My fifth-grade teacher had fingernails that were a work of art. They were bright red and shiny, but most of all, they were long and never broken, their ends finely tapered into rounded points. And although I can see them clearly after all these years, it is remembering their impact into the sensitive spot between my shoulder blades that reminds me how far I've come since then.
Miss Kapchan was a tall and substantial woman whose flaming red hair and full-skirted flowered dresses were famous. Her voice was loud and her classroom style was that of unflinching discipline. Her weapon was, naturally, those nails.
While we sat bent over arithmetic problems or spelling words, she roamed the room silently, slipping in behind our neat rows, detecting the least misdemeanor. Somehow it was always a surprise, that sharp stab in the back that made you sit straight up. It came for whispering, for working too slowly, or for making a mistake.
I knew that finger stab quite well, but it was not a brisk poke that has remained my most significant memory of Miss Kapchan. It was the day she made me really notice my fear of public speaking.
From the time we left my homeland, Cuba, and came to the United States, I had developed a dread of speaking in front of many people. In fact, for a few weeks I refused to speak at all, in either Spanish or English, prompting my mother to wonder whether leaving had been the best thing after all. Eventually, I spoke again. But I was a shy child who spoke minimally to adults, made new friends with difficulty, and never, ever, got up in front of the class.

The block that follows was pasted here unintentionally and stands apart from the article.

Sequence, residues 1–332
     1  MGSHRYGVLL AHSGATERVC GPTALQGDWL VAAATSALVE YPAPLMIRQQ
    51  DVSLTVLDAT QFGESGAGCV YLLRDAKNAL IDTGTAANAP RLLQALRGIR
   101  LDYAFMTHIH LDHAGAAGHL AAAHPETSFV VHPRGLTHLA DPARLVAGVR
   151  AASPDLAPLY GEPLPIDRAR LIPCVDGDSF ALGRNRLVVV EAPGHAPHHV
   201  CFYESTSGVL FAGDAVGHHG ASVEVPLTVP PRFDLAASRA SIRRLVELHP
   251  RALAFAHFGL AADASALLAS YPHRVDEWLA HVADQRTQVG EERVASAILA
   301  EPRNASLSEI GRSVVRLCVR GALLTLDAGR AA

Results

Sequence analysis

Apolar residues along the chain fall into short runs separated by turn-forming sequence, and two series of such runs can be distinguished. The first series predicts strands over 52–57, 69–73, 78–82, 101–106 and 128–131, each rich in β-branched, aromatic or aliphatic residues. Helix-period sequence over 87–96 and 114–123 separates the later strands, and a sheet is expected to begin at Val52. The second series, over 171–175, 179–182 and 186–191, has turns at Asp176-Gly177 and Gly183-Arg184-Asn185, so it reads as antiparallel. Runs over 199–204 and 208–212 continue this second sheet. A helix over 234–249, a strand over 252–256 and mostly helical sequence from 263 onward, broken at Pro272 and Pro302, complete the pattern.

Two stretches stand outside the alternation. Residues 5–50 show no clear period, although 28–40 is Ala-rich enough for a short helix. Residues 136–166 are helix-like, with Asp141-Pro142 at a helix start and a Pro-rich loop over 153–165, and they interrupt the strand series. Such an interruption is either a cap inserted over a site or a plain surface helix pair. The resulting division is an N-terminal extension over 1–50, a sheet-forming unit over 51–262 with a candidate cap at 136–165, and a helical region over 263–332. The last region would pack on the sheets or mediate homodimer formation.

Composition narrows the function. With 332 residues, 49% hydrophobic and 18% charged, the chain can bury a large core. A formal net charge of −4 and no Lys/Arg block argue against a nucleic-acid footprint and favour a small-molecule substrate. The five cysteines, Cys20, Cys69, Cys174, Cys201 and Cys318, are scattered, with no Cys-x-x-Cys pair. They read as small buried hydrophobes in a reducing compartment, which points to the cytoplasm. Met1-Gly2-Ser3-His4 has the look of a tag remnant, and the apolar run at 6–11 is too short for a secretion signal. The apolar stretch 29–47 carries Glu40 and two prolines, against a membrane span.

Fortunately, I could read my book reports from my desk, and while doing arithmetic problems in front of the class, I always kept my face firmly toward the blackboard. All was safe for me until fifth grade. Miss Kapchan was not open to the nuances of individual weakness or to adapting her lesson plans for one.
The day came when Miss Kapchan decided that it would be a good idea for fifth-graders to learn how to give short speeches in front of the class. We were to speak for five minutes about ourselves, and it would be taped on her small recorder and played back so she could critique us.
One by one, my fellow classmates made their way to the front and spoke. What they said I do not remember because I was so busy being terrified about my own turn. When it came, I sat glued to my seat, unable to rise. It was simply a matter of being totally unable to walk to the front, open my mouth, and utter one word into that vast silence of 26 faces looking expectantly my way. I had not yet found my public voice.
For some of us, one of the most challenging efforts we will make in growing up is to find our voice - that confidence to express one's unique self in words and without reluctance. Eventually, as that voice grows stronger and more practiced, expressing it becomes a source of pleasure and satisfaction, allowing us to feel like an important part of a group.
For me, that day in Miss Kapchan's class ended in pure defeat and humiliation. She pulled me to my feet and dragged me to the front, but I stood there frozen and speechless as I felt the color rising in my cheeks. I have never, since then, underestimated the strength of a child's timidity and have found myself rushing to relieve any shy child.